Often these journeys were made for others. “VXER” went to France for a friend, an old army mate who was dying:

He asked me … if I would visit Villers Brettoneux and see and photograph his uncle’s name on the panel. I found myself photographing graves for no fewer than a dozen men of my father’s old battalion. Often, as I stood in front of a grave, I would [wonder] if the soldier knew I was there, that I was thinking of him. [Surely, just by doing that, that cold place] would be a little warmer.[21]

I was surprised by how warmly soldier pilgrims responded to my survey, writing with a level of trust and an intimacy that humbled me as an historian. Their journeys were based as much on the “familiar and intimate past” as the mythic narrative of “nation and history”. They involved what public historians call “the blurring” of private pasts with “larger historical stories”.[22] And nowhere is that more clearly expressed that when it comes to issues of gender.

Of course, the survey had to have a gender question. Like all the questions in the survey, it “set the scene” in the hope of evoking both memory and response. The question read:

The overwhelming majority of Australia’s war dead were men. Gender identity (like national identity) is a theme of many epitaphs: they did their duty not just as soldiers but also as men. How did you respond to this appeal to manhood? Can you say how it affected you as a woman or a man?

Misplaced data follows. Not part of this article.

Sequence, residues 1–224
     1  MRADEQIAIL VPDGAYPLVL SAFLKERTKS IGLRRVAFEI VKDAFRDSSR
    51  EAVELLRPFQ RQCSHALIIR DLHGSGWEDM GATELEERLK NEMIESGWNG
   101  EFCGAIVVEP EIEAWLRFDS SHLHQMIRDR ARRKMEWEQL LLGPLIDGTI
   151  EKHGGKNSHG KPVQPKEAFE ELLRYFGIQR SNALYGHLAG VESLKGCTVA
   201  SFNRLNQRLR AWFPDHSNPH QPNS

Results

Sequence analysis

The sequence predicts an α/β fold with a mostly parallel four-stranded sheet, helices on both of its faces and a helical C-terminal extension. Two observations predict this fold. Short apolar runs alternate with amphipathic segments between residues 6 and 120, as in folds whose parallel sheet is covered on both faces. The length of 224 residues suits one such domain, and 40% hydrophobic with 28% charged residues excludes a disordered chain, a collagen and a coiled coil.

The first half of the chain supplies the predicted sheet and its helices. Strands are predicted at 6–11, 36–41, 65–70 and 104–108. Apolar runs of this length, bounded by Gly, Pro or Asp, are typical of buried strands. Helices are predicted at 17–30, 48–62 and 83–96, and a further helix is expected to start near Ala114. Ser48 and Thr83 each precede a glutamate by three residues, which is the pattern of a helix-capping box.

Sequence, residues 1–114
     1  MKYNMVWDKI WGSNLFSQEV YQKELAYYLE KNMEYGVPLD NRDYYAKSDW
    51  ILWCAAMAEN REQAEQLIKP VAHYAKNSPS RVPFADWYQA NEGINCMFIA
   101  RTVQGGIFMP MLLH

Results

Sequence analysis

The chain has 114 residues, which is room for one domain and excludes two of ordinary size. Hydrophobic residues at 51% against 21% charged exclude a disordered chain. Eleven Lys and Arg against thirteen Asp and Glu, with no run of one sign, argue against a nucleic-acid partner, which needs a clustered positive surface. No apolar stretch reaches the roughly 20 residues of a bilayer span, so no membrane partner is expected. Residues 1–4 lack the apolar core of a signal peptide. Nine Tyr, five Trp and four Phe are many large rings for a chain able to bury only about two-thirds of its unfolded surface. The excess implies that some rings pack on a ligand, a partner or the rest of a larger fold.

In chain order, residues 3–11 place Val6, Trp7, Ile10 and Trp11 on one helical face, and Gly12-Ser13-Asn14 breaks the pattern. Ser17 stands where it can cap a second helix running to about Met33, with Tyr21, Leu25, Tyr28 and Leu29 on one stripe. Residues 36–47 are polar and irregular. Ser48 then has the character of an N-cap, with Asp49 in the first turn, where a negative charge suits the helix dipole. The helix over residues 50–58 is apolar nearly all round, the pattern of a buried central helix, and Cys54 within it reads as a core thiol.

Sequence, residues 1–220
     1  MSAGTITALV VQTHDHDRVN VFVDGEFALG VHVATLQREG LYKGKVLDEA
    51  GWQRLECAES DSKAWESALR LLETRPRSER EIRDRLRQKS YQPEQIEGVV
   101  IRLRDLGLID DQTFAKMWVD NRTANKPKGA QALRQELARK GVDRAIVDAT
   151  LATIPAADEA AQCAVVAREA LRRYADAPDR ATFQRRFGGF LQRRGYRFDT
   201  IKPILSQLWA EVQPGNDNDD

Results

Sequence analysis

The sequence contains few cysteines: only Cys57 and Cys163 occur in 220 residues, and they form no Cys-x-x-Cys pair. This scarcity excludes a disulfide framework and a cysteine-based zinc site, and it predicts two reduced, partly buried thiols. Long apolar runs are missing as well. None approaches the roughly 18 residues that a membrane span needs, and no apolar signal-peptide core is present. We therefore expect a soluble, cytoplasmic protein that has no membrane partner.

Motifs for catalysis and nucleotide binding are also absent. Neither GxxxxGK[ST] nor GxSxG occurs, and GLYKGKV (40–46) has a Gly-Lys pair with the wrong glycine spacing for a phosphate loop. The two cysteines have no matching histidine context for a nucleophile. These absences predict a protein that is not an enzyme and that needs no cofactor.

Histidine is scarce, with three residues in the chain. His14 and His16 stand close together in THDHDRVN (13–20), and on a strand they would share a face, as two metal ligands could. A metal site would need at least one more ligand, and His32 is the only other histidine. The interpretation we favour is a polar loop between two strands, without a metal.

It was perhaps fortunate this was the last question in the survey. Several respondents told me that they didn’t believe in gender (or were simply “too old” for it); many railed against what they called “feminist political correctness”. Perhaps I hadn’t understood the ethos of the time and, worst still, had a poor grasp of biology. “Men fight wars”, an old nasho told me, “and women make babies”.[23] By far the most vigorous response came from a retired major general: “I’m really not sure what this question is getting at. If you’re suggesting that women should have gone to war, either you don’t understand the nature of trench warfare or you don’t understand women.”[24]